Purpose: To quantify the mean daily changes in training and match load and any parallel changes in indicators of morning-measured fatigue across in-season training weeks in elite soccer players. Methods: Following each training session and match, ratings of perceived exertion (s-RPE) were recorded to calculate overall session load (RPE-TL) in 29 English Premier League players from the same team. Morning ratings of fatigue, sleep quality, delayed-onset muscle soreness (DOMS), as well as sub-maximal exercise heart rate (HRex), post-exercise heart rate recovery (HRR%) and variability (HRV) were also recorded pre-match day and one, two and four days post-match. Data were collected for a median duration of 3 weeks (range:1-13) and reduced to a typical weekly cycle including no mid-week match and a weekend match day. Data were analysed using within-subjects linear mixed models. Results: RPE-TL was approximately 600 AU (95%CI: 546-644) higher on match-day vs the following day (P<0.001). RPE-TL progressively decreased by ≈ 60 AU per day over the 3 days prior to a match (P<0.05). Morning-measured fatigue, sleep quality and DOMS tracked the changes in RPE-TL, being 35-40% worse on post-match day vs pre-match day (P<0.001). Perceived fatigue, sleep quality and DOMS improved by 17-26% from post-match day to three days post-match with further smaller (7-14%) improvements occurring between four days post match and pre-match day (P<0.01). There were no substantial or statistically significant changes in HRex, HRR% and HRV over the weekly cycle (P>0.05). Conclusions: Morning-measured ratings of fatigue, sleep quality and DOMS are clearly more sensitive than HR-derived indices to the daily fluctuations in session load experienced by elite soccer players within a standard in-season week.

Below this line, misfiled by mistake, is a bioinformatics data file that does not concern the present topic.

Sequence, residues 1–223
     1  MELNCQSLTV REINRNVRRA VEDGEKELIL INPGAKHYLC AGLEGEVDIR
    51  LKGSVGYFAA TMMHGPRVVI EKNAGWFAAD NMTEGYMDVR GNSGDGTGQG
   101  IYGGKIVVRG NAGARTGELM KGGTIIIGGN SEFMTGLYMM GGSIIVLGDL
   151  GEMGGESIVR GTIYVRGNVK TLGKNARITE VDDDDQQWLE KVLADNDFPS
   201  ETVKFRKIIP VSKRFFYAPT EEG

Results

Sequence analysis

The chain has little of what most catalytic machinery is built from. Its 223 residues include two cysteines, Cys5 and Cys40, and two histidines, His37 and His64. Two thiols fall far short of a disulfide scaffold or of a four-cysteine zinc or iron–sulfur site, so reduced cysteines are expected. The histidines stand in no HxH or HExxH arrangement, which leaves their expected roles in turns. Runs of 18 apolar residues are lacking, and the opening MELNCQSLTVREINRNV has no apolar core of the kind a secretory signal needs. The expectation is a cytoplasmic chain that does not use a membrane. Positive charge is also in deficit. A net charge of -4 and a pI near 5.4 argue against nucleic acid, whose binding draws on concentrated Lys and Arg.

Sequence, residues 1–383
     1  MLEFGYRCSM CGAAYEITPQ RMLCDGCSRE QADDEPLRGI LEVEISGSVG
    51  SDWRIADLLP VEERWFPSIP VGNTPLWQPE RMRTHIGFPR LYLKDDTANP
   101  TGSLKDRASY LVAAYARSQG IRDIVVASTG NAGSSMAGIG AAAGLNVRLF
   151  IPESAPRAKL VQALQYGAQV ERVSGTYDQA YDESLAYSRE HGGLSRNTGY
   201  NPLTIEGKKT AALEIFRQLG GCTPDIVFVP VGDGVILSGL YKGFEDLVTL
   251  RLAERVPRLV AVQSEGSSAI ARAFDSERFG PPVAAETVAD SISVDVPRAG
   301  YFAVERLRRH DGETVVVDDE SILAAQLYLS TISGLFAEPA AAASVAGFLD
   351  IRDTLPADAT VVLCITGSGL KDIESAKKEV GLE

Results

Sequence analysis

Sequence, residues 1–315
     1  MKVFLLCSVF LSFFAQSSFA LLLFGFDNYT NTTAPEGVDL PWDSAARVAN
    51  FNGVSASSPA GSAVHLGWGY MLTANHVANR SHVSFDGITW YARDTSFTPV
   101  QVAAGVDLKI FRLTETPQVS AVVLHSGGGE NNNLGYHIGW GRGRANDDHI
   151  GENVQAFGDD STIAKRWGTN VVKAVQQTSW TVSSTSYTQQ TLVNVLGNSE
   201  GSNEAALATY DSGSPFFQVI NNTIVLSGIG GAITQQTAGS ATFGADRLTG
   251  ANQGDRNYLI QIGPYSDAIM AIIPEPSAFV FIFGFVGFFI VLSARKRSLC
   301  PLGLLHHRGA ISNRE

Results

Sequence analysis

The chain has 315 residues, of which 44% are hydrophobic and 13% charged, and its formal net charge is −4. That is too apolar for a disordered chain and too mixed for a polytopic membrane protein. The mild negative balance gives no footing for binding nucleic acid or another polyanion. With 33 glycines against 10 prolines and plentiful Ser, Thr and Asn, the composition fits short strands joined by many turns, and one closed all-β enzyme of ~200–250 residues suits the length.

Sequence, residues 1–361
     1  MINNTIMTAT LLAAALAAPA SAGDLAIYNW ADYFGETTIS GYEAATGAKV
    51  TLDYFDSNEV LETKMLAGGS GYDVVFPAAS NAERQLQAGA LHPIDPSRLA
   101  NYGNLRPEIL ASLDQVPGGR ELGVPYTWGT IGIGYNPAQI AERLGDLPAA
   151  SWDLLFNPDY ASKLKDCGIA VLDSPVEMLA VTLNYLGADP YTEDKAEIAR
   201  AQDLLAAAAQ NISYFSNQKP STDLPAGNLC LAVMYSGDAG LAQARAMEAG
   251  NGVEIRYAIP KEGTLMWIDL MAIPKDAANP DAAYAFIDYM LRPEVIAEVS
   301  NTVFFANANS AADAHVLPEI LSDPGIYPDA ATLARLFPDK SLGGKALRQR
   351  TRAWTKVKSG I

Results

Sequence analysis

|Journal||International Journal of Sports Physiology and Performance|
|Publication status||Published - 31 Oct 2016|